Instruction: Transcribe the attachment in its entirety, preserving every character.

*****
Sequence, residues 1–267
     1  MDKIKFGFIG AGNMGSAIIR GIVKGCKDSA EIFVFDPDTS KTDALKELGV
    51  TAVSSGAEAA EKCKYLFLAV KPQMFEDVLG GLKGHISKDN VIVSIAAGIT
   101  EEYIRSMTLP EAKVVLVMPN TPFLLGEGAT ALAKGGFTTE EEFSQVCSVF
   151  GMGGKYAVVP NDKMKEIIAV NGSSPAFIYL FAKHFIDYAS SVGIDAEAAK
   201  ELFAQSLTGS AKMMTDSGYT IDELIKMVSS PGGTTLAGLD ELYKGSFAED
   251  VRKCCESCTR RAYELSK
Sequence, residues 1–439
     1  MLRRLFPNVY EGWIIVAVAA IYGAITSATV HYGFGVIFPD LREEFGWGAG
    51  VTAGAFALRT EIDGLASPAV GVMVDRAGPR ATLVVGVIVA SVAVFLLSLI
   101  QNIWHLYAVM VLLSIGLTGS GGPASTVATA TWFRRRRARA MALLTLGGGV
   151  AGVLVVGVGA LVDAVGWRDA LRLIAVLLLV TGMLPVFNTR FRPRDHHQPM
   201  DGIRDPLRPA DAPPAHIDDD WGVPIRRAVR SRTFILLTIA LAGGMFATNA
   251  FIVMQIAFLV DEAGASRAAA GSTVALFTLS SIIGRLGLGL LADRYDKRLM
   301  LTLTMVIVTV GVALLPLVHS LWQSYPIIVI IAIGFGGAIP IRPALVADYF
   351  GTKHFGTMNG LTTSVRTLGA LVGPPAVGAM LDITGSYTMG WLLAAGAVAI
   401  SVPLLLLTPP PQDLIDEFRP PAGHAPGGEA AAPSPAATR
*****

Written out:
Sequence, residues 1–267
     1  MDKIKFGFIG AGNMGSAIIR GIVKGCKDSA EIFVFDPDTS KTDALKELGV
    51  TAVSSGAEAA EKCKYLFLAV KPQMFEDVLG GLKGHISKDN VIVSIAAGIT
   101  EEYIRSMTLP EAKVVLVMPN TPFLLGEGAT ALAKGGFTTE EEFSQVCSVF
   151  GMGGKYAVVP NDKMKEIIAV NGSSPAFIYL FAKHFIDYAS SVGIDAEAAK
   201  ELFAQSLTGS AKMMTDSGYT IDELIKMVSS PGGTTLAGLD ELYKGSFAED
   251  VRKCCESCTR RAYELSK
Sequence, residues 1–439
     1  MLRRLFPNVY EGWIIVAVAA IYGAITSATV HYGFGVIFPD LREEFGWGAG
    51  VTAGAFALRT EIDGLASPAV GVMVDRAGPR ATLVVGVIVA SVAVFLLSLI
   101  QNIWHLYAVM VLLSIGLTGS GGPASTVATA TWFRRRRARA MALLTLGGGV
   151  AGVLVVGVGA LVDAVGWRDA LRLIAVLLLV TGMLPVFNTR FRPRDHHQPM
   201  DGIRDPLRPA DAPPAHIDDD WGVPIRRAVR SRTFILLTIA LAGGMFATNA
   251  FIVMQIAFLV DEAGASRAAA GSTVALFTLS SIIGRLGLGL LADRYDKRLM
   301  LTLTMVIVTV GVALLPLVHS LWQSYPIIVI IAIGFGGAIP IRPALVADYF
   351  GTKHFGTMNG LTTSVRTLGA LVGPPAVGAM LDITGSYTMG WLLAAGAVAI
   401  SVPLLLLTPP PQDLIDEFRP PAGHAPGGEA AAPSPAATR